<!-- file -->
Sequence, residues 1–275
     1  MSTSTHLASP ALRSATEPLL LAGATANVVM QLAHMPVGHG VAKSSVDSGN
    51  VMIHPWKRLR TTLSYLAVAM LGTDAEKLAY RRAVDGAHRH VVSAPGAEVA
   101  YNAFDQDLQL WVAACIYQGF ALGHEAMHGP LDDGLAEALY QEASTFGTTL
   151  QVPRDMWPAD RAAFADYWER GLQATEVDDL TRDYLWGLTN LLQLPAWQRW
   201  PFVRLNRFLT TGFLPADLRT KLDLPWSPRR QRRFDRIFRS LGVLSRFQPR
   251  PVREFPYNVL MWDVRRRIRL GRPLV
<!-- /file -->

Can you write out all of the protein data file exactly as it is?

Sequence, residues 1–275
     1  MSTSTHLASP ALRSATEPLL LAGATANVVM QLAHMPVGHG VAKSSVDSGN
    51  VMIHPWKRLR TTLSYLAVAM LGTDAEKLAY RRAVDGAHRH VVSAPGAEVA
   101  YNAFDQDLQL WVAACIYQGF ALGHEAMHGP LDDGLAEALY QEASTFGTTL
   151  QVPRDMWPAD RAAFADYWER GLQATEVDDL TRDYLWGLTN LLQLPAWQRW
   201  PFVRLNRFLT TGFLPADLRT KLDLPWSPRR QRRFDRIFRS LGVLSRFQPR
   251  PVREFPYNVL MWDVRRRIRL GRPLV